WHEN ASKED about the rumors that he was headed to the Yankees, Juan Gonzalez reportedly said to reporters: “Deal? What deal?”
Funny. That’s kind of how I feel about Gonzalez’s time in Detroit.
Deal? What deal? Was Juan Gonzalez ever really here? Was that really the slugger we heard so much about wearing a Tigers uniform these past few months
— or just some muscular guy in disguise?
Deal? What deal? Did the Tigers really tell us this guy was their future? Did they really trade away young guns like Gabe Kapler, Justin Thompson, Francisco Cordero and three other players for …this?
Deal? What deal? Wasn’t the deal that Gonzalez would blast balls out of the Tigers’ new park at a record pace? Instead, he has offered up a mediocre 13 home runs, a consistent failure to do much in crucial situations, and an attitude about this city that you wouldn’t exactly post in the Chamber of Commerce brochure.
Deal? What deal? Didn’t the Tigers reportedly offer Gonzalez $140 million for eight years? Didn’t they dangle the richest contract in baseball in front of him? And didn’t he wiggle his nose at it — a fish deciding whether to bite — and ultimately decide to keep swimming upstream?
Deal? What deal? In order to have a real deal, you have to get something in exchange, and all the Tigers ever seemed to get from Gonzalez is a lot of question marks, and a lot of people around him saying, “Don’t worry, he really likes Detroit, he’s just, kind of, you know, getting used to things.”
Well. If this latest report is accurate, Juan needn’t bother remembering which exit to take off I-75 to get to Comerica Park. His new address will be Yankee Stadium.
And he can ask anyone how to get there.
Just follow the string of World Series banners.
How about that? With one strong trade wind, the Tigers’ future once again has been whisked into the air of uncertainty. If this trade comes to pass, and Gonzalez goes to New York while Drew Henson, Ricky Ledee and Randy Keisler come to Detroit, then Tigers fans will continue to shake their heads and say,
“Who’s running the ship?”
And it’s a question that GM Randy Smith really needs to answer — quickly, before he trades someone else!
After all, everyone knew Gonzalez was a question mark in the attitude department. There were people all over baseball who told the Tigers that. But they traded for him anyhow, figuring an MVP candidate would put people in the seats.
Problem is, an MVP candidate has to play like an MVP. Gonzalez didn’t. It didn’t help that the fences at the new ballpark are halfway to Grand Rapids. But, excuse me? The Tigers didn’t know the dimensions of their park when they traded for the guy?
And now they are ready to trade him for a huuuuuuuge gamble. Yes, Drew Henson may be the only player who could help wipe the egg off the Tigers’ face in this deal — only because he already is beloved as a local hero and a Michigan quarterback.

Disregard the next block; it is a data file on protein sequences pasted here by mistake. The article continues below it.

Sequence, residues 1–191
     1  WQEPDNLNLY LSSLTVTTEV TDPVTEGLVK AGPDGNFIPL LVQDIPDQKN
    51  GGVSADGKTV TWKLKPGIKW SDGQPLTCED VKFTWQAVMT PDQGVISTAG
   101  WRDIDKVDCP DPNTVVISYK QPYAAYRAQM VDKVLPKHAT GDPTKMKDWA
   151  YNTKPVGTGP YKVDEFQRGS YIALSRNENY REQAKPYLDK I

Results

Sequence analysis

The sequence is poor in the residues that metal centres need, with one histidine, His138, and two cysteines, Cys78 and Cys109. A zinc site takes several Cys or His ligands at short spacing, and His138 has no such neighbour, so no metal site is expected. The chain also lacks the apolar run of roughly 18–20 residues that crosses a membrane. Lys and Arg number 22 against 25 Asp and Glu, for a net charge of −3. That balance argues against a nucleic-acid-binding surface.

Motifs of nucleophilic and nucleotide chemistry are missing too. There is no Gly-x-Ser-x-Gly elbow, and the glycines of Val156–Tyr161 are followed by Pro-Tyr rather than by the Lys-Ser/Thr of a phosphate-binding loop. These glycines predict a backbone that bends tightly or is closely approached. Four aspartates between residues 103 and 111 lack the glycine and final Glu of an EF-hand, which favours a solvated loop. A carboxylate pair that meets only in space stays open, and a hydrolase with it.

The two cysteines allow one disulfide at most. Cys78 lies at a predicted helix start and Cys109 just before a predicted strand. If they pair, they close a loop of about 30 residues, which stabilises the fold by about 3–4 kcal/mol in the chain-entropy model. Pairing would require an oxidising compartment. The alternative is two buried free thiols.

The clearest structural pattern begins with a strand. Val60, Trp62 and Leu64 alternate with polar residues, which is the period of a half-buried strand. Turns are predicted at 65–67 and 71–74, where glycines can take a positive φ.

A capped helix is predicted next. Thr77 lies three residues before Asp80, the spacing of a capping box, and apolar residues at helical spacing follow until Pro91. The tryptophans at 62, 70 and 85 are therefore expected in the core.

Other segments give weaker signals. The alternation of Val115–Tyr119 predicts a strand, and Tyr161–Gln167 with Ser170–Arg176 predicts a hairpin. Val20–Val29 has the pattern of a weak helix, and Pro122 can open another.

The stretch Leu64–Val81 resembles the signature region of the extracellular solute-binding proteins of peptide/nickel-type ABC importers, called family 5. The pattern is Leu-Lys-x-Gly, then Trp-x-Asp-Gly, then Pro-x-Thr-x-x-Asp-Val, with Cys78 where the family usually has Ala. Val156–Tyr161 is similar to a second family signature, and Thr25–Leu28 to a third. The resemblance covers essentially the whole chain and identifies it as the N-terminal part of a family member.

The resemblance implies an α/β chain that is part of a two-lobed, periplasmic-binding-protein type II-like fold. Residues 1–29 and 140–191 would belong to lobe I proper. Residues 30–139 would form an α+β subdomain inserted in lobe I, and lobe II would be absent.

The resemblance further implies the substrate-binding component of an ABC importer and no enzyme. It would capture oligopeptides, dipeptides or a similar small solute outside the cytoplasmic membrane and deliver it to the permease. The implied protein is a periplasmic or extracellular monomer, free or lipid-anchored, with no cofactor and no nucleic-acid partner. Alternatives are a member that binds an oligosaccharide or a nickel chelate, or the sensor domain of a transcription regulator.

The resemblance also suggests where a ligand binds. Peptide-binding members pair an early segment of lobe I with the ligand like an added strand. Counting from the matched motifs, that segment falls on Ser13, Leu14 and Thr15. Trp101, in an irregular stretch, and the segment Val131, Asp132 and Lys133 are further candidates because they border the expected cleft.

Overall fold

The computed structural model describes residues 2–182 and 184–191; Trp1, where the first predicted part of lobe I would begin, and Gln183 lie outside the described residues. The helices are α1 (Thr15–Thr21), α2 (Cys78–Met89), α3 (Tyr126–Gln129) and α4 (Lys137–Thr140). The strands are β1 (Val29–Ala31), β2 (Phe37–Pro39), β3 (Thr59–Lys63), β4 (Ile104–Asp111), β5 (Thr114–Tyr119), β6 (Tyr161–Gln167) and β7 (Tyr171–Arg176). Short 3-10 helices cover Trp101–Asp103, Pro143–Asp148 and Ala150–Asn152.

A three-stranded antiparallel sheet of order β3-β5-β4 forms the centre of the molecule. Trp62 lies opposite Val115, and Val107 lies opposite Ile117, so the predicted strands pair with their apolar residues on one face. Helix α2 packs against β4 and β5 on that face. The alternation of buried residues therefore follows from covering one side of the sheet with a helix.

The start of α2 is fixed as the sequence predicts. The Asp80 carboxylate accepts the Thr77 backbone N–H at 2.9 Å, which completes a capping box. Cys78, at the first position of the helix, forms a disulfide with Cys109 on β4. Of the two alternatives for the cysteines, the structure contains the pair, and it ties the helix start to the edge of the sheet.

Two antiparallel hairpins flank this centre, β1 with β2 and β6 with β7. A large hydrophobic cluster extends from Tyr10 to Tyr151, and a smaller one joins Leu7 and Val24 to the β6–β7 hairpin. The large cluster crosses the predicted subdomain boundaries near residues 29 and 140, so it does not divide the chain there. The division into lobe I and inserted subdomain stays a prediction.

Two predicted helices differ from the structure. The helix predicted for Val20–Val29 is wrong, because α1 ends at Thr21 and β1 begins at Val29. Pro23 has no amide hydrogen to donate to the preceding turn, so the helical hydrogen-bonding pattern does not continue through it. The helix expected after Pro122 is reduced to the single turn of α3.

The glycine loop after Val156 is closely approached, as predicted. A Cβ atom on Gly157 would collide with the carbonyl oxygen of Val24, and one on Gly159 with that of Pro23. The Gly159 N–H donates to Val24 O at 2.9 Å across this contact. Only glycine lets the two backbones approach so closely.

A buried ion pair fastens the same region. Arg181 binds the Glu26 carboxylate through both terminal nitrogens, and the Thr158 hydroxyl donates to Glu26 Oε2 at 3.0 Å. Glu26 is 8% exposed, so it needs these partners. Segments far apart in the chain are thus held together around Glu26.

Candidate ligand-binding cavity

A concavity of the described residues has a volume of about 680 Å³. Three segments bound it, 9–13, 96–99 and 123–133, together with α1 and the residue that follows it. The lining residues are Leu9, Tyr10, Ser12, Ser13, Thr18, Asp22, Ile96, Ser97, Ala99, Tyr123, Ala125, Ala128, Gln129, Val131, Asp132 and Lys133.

But let’s be clear about a few things: 1) There is no guarantee that Henson will be a big-league baseball star. 2) If he will be, it won’t be for several years. 3) Is he even old enough to drink? 4) What if he decides he’d rather be John Elway — and goes the football route instead of baseball?
If that happens, the Tigers will have traded away several of the best prospects for a superstar bust — and traded the superstar bust for, essentially, nothing.
I may be a simple sports writer, but that sure doesn’t sound like good business to me.
What’s worse, this is happening in what’s supposed to be a banner year for the Tigers. New stadium. New attitude. New everything, right? Wasn’t this supposed to be the start of something big — and the end of the worst decade of baseball that anyone alive can remember around these parts?
Instead, in giving up on their marquee player so quickly, the Tigers are like a Broadway show admitting that the score is flawed and the lyrics don’t work.
And they are trying to fix it while still selling tickets.
Fans aren’t dumb. If this deal goes through, more than ever, the only reason they will be buying tickets this summer is to see the new ballpark.
The Tigers might want to erect a few new statues.
You know the saddest part of all this? It may be the only move the Tigers can make. If they don’t trade him, Gonzalez can walk away at the end of the season. The Tigers would be left holding a bag full of shells.
So they do what they can. Damage control. Salvage something — get Henson, and in so doing, perhaps acquire a great future prospect.
But the future was supposed to be now, remember? With Gonzalez, a 30-year-old veteran, not Henson, a kid who’s still going to English class.
There goes the blockbuster, heading toward the bright lights of New York City, where, if the Tigers’ fate holds true, he will immediately begin hitting home runs and win the batting title.
These are sure hard times for Detroit baseball. Somebody check Randy Smith’s door. There may be a sign that reads, “Juan, we barely knew thee.”
Or, more to the point, “Deal? What deal?”
Contact MITCH ALBOM at 313-223-4581 or firstname.lastname@example.org. Listen to Mitch’s radio show, “Albom in the Afternoon,” 3-6 p.m. weekdays on WJR-AM (760).